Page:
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I got the biggest surprise for Christmas when I opened a big box and found this, my own design, printed up on gorgeous heavy weight linen. My HB had made up a pretty believable story in order to get hold of the files to this design and I didn’t suspect for a moment that he was in cahoots with my S-I-L whose idea it was to get it printed.


It has got my thinking hard about future possibilities…


tiles inspiration 4

The Alhambra wouldn’t have lived up to expectations if there weren’t a few tiles to inspire some pattern designing.

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And as you can see I wasn’t disappointed in the least.

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Miles and miles of them. These are the survivors of a hard edit!

tiles inspiration 2

Endless colour and pattern inspiration. tiles inspiration 1

I have just begun to scratch the surface of the design inspiration they prompt.

© Claire Leggett 2016 design work

Here’s a little peek at some pattern WIP which has to remain a little bit secret 😉

©Claire Leggett Surface Pattern designer

A little winters pattern inspired by this book.

The Pattern Base book

Some things are worth waiting for and this is definitely one of the them – I am actually now able to hold The Pattern Base book in my excited little hands!

The Pattern Base book 1

The Pattern Base book is by Kristi O’Meara and edited by Audrey Victoria Keiffer – cofounders of the Chicago-based design studio and online archive The Patternbase.

The Pattern Base book 2

It is a curation of 378 pages, showcasing a collection of 681 designs from 150 contemporary textile, surface, fashion, and print designers from around the world.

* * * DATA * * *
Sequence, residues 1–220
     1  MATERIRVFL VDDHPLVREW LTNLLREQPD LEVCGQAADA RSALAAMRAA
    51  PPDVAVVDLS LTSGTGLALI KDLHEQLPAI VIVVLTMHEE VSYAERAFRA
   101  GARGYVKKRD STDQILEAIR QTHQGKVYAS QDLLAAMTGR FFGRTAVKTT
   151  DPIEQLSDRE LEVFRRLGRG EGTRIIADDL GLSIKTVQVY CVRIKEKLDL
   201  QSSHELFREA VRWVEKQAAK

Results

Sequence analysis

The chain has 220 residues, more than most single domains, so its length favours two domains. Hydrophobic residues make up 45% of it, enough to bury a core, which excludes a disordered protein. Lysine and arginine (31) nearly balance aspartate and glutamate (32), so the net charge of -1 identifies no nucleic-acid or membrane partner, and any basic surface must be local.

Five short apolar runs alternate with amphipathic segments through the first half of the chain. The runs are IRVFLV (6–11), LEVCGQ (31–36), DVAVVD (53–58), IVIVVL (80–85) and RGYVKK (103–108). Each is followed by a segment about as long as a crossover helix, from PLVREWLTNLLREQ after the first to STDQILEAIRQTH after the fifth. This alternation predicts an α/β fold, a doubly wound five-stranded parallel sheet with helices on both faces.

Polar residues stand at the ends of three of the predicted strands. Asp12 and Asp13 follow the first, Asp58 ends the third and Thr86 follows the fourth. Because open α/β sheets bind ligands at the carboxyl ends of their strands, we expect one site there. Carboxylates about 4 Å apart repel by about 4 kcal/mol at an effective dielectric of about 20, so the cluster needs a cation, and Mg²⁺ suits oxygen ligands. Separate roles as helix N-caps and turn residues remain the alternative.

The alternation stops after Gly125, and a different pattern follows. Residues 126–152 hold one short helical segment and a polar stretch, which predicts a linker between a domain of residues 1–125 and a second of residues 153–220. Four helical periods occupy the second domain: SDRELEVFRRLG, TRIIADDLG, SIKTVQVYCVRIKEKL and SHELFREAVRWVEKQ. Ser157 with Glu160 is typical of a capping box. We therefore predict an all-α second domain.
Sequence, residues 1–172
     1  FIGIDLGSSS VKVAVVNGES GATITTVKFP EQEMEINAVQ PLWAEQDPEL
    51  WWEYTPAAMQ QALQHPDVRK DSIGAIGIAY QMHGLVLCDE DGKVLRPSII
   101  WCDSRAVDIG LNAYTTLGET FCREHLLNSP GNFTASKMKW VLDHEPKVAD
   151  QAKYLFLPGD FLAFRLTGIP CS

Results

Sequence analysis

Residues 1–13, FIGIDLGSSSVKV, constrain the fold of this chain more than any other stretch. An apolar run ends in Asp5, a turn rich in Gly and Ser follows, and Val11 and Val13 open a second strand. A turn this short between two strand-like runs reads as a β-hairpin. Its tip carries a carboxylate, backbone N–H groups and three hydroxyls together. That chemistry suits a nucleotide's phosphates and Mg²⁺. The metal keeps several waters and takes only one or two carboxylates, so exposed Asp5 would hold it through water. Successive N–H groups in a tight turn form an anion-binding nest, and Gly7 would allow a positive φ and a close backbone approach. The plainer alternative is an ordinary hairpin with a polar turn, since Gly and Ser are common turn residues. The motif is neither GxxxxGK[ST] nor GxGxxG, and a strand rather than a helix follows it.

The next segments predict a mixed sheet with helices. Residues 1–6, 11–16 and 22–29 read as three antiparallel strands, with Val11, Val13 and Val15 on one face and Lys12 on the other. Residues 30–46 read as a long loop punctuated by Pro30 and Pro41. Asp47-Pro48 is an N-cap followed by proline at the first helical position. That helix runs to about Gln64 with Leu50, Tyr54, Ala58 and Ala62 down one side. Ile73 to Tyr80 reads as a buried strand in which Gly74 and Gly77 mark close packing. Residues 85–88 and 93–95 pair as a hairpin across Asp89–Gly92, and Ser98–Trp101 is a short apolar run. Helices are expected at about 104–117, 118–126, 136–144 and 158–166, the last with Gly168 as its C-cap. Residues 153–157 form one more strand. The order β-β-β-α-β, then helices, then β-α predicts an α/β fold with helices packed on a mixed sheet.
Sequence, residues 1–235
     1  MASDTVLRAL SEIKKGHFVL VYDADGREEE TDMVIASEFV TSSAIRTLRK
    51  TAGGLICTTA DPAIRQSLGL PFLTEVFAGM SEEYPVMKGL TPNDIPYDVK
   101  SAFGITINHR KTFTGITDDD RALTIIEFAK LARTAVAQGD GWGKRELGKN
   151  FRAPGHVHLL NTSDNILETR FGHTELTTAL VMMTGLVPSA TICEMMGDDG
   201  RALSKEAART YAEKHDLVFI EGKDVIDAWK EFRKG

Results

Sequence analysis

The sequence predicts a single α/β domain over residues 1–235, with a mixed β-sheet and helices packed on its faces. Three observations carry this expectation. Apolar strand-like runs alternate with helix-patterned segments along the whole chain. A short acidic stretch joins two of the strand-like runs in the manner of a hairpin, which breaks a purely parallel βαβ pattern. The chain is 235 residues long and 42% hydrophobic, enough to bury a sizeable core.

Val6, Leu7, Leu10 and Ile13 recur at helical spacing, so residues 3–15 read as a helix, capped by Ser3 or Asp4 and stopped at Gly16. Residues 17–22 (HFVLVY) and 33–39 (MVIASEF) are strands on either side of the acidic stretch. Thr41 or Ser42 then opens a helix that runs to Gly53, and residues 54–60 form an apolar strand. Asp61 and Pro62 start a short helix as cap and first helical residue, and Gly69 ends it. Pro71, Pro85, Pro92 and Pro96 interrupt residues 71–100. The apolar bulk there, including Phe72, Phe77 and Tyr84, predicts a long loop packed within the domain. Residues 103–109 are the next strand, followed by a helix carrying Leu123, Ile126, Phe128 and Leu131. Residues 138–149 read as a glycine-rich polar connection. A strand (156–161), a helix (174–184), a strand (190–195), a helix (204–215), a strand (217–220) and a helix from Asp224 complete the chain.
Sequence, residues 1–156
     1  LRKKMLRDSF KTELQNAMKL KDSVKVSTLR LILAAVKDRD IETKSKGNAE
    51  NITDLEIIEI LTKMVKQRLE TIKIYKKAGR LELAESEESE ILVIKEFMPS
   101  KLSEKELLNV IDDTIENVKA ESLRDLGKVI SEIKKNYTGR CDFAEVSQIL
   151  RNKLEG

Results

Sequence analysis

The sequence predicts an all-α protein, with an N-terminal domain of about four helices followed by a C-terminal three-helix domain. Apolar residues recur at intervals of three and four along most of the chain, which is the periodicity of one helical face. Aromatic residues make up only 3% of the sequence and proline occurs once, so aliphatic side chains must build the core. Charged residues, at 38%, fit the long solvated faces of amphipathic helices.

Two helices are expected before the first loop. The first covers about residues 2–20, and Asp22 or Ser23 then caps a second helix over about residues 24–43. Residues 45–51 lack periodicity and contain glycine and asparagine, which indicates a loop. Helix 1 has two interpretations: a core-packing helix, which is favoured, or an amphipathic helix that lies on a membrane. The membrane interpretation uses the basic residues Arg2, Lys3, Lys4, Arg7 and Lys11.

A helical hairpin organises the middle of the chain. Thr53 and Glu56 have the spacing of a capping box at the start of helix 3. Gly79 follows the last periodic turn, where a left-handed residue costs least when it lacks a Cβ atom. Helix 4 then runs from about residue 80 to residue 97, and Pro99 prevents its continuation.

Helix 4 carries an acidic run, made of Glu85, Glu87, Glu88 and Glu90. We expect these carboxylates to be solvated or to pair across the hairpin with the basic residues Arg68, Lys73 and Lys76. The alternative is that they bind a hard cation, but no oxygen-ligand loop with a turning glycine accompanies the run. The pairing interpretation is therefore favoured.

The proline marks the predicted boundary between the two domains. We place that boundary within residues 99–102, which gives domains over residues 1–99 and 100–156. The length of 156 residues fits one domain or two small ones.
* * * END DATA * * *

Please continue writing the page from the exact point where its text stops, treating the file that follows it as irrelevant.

The Pattern Base book 3

Illustrative, abstract, geometric, floral, digital and constructed textile patterns are all represented here and all the work is by up and coming designers.

The Pattern Base book 4

I submitted my surface pattern designs way back in 2012 when this was a kick-starter idea and I had no idea that I would be fortunate enough to get two double page spreads but there I am on pages 228 and 229 🙆

Claire Leggett_The Pattern Base book

I had been working on a group of paintings at the time featuring vintage china and cutlery and had developed some elements into these two pattens.

Claire Leggett_The Pattern Base book pattern design 2

These went onto be selected to represent in the Illustrative category  – brilliant!

Claire Leggett_The Pattern Base book pattern design

It’s not everyday you get into print so I’m having a solo studio party today! 😉🎉🍸

poppies rep
{December Reflections :: take a photograph every day in December as a way to pay attention to what’s around you and reflect on the year that’s closing.}

Day 4. Red. Poppies or Anemones – my favourite flower.

RGC-Xmas promo A4

And also the colour of the flyer for this coming Saturdays market at the Ruskin Glass Center.